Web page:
Any dictation you do needs to be done from a foundation that the person typing for you does not know what you know.
What do I mean by that? What I mean is that dictation needs to be something that is adaptable, so that if you’re secretary or typist is away, there are no assumptions contained within the dictation which mean that it will become inefficient from people asking you questions all the time.
As soon as questions, clarifications, issues or uncertainties start to creep into your dictation (in particular otherwise straightforward dictation – the issue is less noticeable with longer more complex documents), it becomes dramatically less efficient and impacts upon the productivity gains that you might otherwise have. If you are doing dictation properly then you are doing it in a way that improves efficiency and productivity – not the way that creates frustration and adds cost.
That means that if you’re going to dictate something you need to provide all of the underlying material at the start which the person typing the document needs to have in order to produce the document. For that reason you need to understand your firm’s systems and procedures for document creation. If you do not know what information you’re secretarial typist needs to have prior to creating a document that how can you provide information to them?
Now, ordinarily, the information that is required for any document is going to be pretty standard. You are going to need to give someone the file number, perhaps the client name, the recipient’s name and address unless it can be located easily on the file in which case give those instructions, it also means that you are going to have to provide the correct name of the document. If you are not providing these things, then you need to give instructions about where they can be found or at least enough information that no further enquiry is required.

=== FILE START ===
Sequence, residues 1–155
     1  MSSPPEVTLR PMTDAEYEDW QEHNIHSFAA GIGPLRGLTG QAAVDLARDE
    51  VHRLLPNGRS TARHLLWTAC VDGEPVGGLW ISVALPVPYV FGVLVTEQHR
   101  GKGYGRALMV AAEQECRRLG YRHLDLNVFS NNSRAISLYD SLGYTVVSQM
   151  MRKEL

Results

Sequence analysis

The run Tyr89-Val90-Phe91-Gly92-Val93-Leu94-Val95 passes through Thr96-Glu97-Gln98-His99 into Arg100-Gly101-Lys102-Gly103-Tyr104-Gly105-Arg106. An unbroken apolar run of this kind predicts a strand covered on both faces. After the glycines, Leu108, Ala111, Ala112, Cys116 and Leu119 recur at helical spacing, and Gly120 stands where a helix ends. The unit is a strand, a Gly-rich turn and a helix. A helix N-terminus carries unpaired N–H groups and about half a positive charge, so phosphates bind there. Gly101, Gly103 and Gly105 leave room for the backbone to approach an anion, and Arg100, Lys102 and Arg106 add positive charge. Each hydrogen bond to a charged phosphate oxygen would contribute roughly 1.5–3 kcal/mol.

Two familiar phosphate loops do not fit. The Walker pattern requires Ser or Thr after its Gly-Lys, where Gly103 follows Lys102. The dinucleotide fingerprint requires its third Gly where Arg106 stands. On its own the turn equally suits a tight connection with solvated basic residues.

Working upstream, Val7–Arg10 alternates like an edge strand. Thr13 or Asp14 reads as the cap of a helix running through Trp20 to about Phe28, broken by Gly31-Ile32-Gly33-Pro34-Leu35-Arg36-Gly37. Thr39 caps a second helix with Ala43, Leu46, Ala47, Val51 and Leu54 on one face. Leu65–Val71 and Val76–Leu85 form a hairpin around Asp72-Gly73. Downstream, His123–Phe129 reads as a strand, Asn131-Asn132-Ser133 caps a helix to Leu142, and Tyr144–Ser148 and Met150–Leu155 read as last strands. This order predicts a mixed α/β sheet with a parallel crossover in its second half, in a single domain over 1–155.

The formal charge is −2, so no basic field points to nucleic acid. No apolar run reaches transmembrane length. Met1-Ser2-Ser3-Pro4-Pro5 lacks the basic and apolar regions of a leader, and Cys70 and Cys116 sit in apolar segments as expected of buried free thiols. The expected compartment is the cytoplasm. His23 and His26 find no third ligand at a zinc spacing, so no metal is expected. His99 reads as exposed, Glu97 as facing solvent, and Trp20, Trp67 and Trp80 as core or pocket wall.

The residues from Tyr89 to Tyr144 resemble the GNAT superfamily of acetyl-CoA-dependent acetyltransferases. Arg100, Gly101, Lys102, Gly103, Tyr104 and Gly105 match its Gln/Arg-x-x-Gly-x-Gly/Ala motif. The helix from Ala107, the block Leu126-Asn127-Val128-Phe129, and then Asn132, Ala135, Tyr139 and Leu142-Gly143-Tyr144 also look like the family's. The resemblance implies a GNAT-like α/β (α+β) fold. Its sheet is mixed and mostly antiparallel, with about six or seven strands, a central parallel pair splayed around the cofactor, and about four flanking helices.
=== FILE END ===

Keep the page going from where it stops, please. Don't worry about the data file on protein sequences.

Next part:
A letter is the most obvious example. But if you want the letter to be sent by facsimile, then it is possible there might be a different precedent for that process and you need to make sure you specify which contact details should be used. Communications might be sent by post, by hand delivery, by facsimile, by email. Many firms have different precedent starting points for each of those different modes of delivery.
Similarly, you need to provide to typist with information that is necessary in order to ensure that any notations on the document are correct. That might mean you need to specify that it is to go by registered post. It might also mean you need to ask the person to put an urgent notation on the letter, or mark it “without prejudice” or the like.
My written description of this opening process really makes it seem more complicated than it is. What really actually only takes a few seconds sounds like a more cumbersome set of instructions.
As a result, I thought it would be useful if I gave you a fictitious introductory section to a dictation in an audio format so that you can listen to it and see how easy it really is. Click the link below to play a sample opening introduction for a straightforward letter on a particular file.